Like religious Christians and other religious-minded Israeli Jews, Haredis point to the Bible to affirm the sanctity of the Land of Israel. Indeed, Haredis are now strongly associated with settlement expansion. The two largest Israeli settlements are Haredi: Modiin Ilit, between Jerusalem and Tel Aviv, and Beitar Ilit, just south of Jerusalem. Haredis comprise 30 percent of all West Bank settlers, and while their choice of residence is not necessarily driven by ideology, there is a natural alignment of interests with the pro-settlement right. In addition, there is some blurring of the lines between Haredi and the national-religious—observant Orthodox Jews who are integrated into Israeli society. Over the last two decades, a significant portion of the national-religious community took on stricter religious habits and began describing themselves as Haredi national-religious. This population represents the most right-wing element of Israeli politics, and hence, as they increasingly interact with Haredis, they are likely to influence Haredi views toward the right.
Another contributor to the shift of Haredis to the right is the changing composition of the Haredi population itself. Since the 1980s, there has been a sharp rise in the percentage of Haredis who are Sephardic Jews of Middle Eastern background, who tend to support the right.This is reflected in the rise of Shas, the Sephardic Haredi party that was founded in 1984 by Rabbi Ovadia Yosef and in each election since has been winning more votes than the Ashkenazi Haredi party, United Torah Judaism. Shas’s 2019 election campaign was launched with posters showing its leader, Aryeh Deri, alongside Netanyahu and arguing that a vote for Shas would strengthen the prime minister.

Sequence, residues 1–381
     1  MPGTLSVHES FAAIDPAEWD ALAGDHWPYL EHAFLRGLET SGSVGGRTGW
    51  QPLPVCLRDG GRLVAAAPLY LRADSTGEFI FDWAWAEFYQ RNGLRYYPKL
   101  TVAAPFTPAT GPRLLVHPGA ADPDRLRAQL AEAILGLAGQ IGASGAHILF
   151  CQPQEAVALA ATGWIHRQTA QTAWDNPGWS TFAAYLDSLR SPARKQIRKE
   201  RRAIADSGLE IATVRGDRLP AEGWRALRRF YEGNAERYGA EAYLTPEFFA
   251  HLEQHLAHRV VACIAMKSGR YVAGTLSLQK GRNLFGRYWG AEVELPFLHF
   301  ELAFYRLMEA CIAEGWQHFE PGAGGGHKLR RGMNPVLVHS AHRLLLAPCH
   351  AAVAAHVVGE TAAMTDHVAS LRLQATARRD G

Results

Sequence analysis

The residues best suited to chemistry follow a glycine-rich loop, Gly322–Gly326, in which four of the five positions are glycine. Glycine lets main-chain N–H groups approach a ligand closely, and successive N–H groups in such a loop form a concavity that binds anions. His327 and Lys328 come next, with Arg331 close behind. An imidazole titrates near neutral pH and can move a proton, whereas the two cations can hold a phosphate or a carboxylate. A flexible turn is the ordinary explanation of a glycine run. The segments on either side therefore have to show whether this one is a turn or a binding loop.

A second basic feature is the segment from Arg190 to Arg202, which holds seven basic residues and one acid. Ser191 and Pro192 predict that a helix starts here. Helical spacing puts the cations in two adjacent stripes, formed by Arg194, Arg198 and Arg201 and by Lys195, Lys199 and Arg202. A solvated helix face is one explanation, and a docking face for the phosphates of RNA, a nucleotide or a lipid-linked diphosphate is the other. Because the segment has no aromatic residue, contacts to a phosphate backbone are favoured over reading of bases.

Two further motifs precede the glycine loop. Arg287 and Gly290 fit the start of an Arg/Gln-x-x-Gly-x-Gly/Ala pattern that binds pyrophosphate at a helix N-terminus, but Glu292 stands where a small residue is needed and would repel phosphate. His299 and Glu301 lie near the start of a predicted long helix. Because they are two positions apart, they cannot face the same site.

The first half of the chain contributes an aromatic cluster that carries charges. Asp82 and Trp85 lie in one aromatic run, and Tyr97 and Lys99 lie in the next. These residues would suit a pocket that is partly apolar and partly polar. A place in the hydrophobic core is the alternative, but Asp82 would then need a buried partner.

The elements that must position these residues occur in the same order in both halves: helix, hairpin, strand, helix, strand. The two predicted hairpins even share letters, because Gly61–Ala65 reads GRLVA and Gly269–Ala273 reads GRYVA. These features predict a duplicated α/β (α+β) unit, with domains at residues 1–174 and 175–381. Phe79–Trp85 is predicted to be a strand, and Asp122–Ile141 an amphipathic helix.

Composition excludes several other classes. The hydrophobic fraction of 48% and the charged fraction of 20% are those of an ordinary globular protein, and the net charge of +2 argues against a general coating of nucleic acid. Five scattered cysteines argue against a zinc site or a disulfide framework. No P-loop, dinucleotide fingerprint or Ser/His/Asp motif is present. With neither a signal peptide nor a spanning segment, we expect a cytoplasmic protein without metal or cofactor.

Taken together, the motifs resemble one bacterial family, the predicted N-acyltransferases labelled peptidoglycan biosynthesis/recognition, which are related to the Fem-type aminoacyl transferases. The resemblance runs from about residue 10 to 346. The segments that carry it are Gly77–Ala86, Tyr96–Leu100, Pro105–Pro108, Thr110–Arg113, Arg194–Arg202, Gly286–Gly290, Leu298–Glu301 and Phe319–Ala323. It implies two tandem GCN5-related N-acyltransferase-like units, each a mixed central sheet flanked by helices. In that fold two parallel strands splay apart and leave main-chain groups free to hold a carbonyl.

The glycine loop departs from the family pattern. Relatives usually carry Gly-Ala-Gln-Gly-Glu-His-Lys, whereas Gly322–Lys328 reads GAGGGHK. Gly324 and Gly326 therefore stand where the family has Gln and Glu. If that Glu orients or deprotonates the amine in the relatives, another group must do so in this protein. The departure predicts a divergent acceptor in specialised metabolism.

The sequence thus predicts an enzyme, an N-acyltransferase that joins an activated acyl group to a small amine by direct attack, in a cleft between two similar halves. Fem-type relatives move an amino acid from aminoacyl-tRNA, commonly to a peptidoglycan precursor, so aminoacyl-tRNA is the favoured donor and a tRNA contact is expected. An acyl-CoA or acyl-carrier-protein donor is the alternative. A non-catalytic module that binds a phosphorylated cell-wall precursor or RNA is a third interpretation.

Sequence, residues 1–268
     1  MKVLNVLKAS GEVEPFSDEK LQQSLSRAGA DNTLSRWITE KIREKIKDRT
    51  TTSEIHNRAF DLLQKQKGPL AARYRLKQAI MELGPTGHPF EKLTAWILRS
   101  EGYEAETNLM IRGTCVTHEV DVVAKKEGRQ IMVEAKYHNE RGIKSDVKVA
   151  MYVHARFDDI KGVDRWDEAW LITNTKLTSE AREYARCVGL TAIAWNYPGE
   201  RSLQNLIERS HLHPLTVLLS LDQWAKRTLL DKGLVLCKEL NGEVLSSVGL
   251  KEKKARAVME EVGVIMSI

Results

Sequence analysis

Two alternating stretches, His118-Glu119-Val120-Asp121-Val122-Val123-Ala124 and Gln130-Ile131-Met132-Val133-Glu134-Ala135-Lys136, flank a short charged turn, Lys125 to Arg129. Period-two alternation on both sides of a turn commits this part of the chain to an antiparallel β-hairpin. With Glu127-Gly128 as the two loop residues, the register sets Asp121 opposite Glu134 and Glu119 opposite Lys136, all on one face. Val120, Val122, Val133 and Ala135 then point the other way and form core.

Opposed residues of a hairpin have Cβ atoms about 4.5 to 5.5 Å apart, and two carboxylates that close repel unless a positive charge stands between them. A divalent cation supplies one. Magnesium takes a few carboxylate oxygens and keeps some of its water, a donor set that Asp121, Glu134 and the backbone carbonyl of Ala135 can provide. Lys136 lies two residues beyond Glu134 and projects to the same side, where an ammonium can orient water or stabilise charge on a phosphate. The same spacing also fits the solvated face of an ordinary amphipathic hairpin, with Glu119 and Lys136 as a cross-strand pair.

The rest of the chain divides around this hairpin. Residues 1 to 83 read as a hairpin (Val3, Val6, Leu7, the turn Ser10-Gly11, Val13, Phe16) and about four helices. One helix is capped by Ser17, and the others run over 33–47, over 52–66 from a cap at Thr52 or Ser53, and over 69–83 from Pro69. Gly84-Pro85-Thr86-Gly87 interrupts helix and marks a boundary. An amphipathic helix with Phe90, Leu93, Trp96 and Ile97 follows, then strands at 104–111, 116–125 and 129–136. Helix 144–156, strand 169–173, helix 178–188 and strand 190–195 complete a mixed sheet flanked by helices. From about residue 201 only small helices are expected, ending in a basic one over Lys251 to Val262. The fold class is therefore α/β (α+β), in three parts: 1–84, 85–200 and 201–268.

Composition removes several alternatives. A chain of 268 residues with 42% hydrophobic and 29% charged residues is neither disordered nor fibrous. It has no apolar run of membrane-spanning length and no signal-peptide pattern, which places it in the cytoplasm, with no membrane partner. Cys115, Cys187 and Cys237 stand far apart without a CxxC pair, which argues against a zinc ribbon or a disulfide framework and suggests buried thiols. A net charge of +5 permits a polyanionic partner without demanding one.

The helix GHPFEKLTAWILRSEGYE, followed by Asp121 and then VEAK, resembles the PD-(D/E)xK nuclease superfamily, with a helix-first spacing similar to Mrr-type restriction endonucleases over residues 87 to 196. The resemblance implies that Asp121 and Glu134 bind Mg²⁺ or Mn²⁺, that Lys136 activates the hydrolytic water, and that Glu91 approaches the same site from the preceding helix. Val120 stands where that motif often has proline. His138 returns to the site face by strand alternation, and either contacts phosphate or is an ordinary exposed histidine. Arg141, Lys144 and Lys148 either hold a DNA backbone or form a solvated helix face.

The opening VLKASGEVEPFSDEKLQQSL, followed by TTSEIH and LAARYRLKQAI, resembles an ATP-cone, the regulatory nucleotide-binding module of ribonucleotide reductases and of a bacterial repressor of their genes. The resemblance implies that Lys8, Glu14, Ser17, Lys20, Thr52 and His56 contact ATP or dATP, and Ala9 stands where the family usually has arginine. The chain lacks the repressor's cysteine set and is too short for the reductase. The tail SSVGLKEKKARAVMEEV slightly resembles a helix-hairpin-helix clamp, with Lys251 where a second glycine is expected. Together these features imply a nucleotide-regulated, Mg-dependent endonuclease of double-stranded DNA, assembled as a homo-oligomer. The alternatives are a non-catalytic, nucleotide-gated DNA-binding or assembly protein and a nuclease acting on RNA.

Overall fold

Haredis increasingly interact with other Israelis. Haredi women, who are the primary breadwinners of the Haredi family because the men are studying, increasingly work outside the community, and while still in very early stages, more and more Haredis are going to university, joining the workforce as opposed to studying the Torah full time, and even enlisting in the military. This is enabled through new special Haredi-friendly programs that include gender segregation. Moreover, there are now Haredi high-tech entrepreneurs and innovators. Such developments could turn Haredis into Israel’s next engine of economic growth. As Haredis mingle with Israelis outside their closed communities, they tend to gravitate toward interactions with those who are religious (for example during prayer services and kosher dining). In doing so, they are likely influenced by the steadfast right-wing affiliation of Israel’s national-religious population.
This broadening of horizons represents the great hope of the left. The thinking was that as Haredis were exposed to the outside world, they would naturally abandon their Haredi life and right-wing politics along with it. But so far, this process is yielding the exact opposite result. Haredis are indeed becoming more Israeli—for example, there is less Yiddish and more Hebrew heard in Haredi neighborhoods. But unlike some Muslims in Europe, Haredis become more Israeli while staying fully religious.